One of your staff could say, “you’re not seriously considering working here?!” The applicant will likely take that in jest but observing their reaction could be interesting. Or an employee could speak directly to you (the person taking the applicant for the walk-around), “you know, we’re fully staffed in this area. We really do not need any excess personnel.” Again, observing how your applicant reacts to this could be interesting.

You could also take your applicant out to a nearby restaurant and conduct the interview there. Something as small as how the applicant treats the waitress could be revealing.

How your applicant interacts with others outside of the routine interview environment could give you some insights you might not otherwise obtain. Try it out a few times and see how it works for you.

“It Doesn’t Sound Like You’re a Top Performer”

One way to find out how an applicant will perform under pressure is to enter a bit of pressure in the interview.

So, how would you do that?

You could discuss the position for awhile, get some good back and forth going, ask what qualities the applicant brings, how they might handle various situations and then say:

“Well, Frank, it doesn’t sound like you’re a top performer.”

And then just sit there patiently and say nothing. Just wait.

At some point, Frank is going to respond. Here are two possible responses:

“Well, I appreciate you taking the time to interview me. I guess I’ll leave now.”

“Well, I’m sorry you feel that way, but I believe I am, and if you give me a chance, I’ll do everything I can to convince you. And frankly, I know I can convince you.”

There are, of course, several other possible responses. Each one is giving you an insight into your applicant.

The two ends of the spectrum are:

Frank believes he has the goods and is determined to convince you of that.

Frank just gives up and leaves.

And there will be other responses in between those two.

What if Frank gets upset or aggressive?

I’m thinking he’s not your guy.

Sometimes entering a little pressure in the interview will give you an insight on how your applicant will respond to future pressure in your workplace.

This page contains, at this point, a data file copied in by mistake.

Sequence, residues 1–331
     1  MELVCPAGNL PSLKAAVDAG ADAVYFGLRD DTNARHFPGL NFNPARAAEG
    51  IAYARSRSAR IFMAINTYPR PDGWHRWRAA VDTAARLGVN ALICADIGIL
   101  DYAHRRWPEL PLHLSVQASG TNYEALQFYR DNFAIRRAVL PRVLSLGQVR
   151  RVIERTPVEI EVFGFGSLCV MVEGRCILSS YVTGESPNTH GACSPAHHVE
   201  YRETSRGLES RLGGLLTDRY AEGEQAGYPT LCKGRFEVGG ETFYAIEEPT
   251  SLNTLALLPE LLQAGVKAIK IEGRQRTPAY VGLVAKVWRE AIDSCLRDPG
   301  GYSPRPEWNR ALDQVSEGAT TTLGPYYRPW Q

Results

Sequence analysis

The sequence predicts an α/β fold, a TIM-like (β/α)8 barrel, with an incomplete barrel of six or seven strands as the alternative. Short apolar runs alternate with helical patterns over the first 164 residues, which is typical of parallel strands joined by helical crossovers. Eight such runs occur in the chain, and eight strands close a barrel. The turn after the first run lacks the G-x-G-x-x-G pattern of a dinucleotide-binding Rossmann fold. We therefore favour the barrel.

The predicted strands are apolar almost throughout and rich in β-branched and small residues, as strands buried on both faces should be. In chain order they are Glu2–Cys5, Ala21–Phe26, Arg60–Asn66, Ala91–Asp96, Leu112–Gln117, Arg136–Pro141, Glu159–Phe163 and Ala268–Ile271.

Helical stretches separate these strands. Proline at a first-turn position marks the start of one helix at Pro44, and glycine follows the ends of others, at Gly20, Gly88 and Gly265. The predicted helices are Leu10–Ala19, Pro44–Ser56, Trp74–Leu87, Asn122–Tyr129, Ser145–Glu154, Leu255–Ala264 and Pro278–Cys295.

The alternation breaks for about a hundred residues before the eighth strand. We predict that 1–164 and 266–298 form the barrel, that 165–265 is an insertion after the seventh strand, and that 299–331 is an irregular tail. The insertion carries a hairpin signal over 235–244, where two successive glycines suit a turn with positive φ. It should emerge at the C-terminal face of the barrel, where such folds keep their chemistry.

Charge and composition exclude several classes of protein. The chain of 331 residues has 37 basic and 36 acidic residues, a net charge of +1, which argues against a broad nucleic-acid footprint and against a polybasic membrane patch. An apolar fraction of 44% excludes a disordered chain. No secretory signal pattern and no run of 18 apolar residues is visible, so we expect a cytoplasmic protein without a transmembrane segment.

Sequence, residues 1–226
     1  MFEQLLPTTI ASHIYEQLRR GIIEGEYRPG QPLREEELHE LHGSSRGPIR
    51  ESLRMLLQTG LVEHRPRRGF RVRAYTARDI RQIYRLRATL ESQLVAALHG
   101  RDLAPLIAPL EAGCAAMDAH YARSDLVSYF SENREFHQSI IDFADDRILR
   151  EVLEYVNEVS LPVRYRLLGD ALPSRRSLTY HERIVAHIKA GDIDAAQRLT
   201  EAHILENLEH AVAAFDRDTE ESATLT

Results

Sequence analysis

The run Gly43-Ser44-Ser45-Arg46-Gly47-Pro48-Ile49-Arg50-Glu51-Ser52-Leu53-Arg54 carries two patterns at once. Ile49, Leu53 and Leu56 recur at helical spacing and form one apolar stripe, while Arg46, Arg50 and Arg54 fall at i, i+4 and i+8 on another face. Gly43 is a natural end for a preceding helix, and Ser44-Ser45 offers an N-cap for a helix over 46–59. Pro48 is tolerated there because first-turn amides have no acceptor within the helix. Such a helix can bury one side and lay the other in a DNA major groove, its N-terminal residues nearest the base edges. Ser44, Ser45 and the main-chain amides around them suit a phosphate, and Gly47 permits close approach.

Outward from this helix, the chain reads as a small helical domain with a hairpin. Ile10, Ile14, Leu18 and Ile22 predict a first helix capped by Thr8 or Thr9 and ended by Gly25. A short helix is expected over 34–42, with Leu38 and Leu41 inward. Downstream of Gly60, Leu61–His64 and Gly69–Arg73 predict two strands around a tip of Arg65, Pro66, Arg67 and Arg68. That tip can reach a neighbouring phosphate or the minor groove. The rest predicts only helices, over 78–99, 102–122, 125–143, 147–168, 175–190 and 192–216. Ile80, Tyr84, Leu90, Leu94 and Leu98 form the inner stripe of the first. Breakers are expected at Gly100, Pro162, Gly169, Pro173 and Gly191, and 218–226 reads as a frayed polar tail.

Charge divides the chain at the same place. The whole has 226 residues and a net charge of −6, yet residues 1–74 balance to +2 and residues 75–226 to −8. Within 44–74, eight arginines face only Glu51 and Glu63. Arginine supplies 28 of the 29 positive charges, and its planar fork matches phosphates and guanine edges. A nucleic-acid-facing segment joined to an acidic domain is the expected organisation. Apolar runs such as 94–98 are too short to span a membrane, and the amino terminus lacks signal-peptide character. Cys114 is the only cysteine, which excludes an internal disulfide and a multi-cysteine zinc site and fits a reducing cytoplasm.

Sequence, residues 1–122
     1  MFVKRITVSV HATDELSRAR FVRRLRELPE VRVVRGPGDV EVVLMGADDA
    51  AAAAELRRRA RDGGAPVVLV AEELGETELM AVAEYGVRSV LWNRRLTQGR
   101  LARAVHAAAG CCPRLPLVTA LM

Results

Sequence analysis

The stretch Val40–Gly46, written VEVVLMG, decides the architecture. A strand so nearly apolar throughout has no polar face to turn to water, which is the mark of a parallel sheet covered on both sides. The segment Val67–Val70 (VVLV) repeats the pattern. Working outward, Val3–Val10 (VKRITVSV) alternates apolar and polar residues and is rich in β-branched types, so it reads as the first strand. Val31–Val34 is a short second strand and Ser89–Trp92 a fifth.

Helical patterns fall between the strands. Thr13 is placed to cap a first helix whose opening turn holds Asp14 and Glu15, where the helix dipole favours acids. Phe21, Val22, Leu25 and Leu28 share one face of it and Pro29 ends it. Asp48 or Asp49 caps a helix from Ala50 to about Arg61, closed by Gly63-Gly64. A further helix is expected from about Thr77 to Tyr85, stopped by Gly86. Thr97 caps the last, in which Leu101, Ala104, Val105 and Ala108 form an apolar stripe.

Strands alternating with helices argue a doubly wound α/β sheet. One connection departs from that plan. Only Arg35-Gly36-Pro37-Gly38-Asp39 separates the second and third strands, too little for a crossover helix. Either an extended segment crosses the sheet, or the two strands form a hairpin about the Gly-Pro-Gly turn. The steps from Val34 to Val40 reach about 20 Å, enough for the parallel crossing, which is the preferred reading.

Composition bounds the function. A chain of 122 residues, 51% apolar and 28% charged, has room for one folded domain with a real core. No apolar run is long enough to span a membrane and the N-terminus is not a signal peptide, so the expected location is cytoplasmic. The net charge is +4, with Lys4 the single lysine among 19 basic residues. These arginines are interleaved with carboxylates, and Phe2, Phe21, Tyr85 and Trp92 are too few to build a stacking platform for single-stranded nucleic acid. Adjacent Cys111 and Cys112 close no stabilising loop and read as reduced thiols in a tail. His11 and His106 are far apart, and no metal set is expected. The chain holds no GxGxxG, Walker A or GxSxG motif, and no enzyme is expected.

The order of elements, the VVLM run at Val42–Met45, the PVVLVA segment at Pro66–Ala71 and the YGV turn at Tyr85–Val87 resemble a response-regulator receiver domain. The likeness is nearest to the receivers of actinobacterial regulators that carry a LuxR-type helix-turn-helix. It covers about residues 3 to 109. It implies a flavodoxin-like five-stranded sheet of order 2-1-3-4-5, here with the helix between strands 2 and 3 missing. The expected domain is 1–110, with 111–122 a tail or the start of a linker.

How Would Your Previous Employers Rate Your Performance?

This is an interesting question to ask applicants. Asking this may not get what the previous employers would actually say, but it gives an interesting perspective on the applicant in front of you.

It could go like this:

“Alice, in looking over your résumé, your three previous employers were Acme Industries, AAA Insurance and Lehigh Construction. Let’s talk briefly about Acme Industries. How would your supervisor rate your performance there?”

After Alice answers, get her to elaborate some. Ask her how would her supervisor rate her performance as a team player; how would she rate her competence; how well she got along with others; how well she aligned with the goals of the company.

You can see where I’m going here. What are the different areas or qualities that are important to you? Once you ask the general question of how would your supervisor at Company X rate your performance, break it down into the different qualities and competencies that you are looking for.

Then move on to AAA Insurance and Lehigh Construction.

This is a bit of a two-fold approach: 1) you’re looking for your applicant’s perspective on how they were viewed by their supervisor and 2) you’re likely to get a fairly honest answer. The applicant doesn’t know if you’ll be contacting their previous supervisor or not, so they’ll want to stay as close to the actual scene as they can.

Now you may get an answer like: “Well, my supervisor at Acme Industries hated me. He gave me assignments he knew I couldn’t complete in the time given. He made me stay overtime and I rarely got paid for the overtime. He criticized how I dressed. It was a horrible scene.”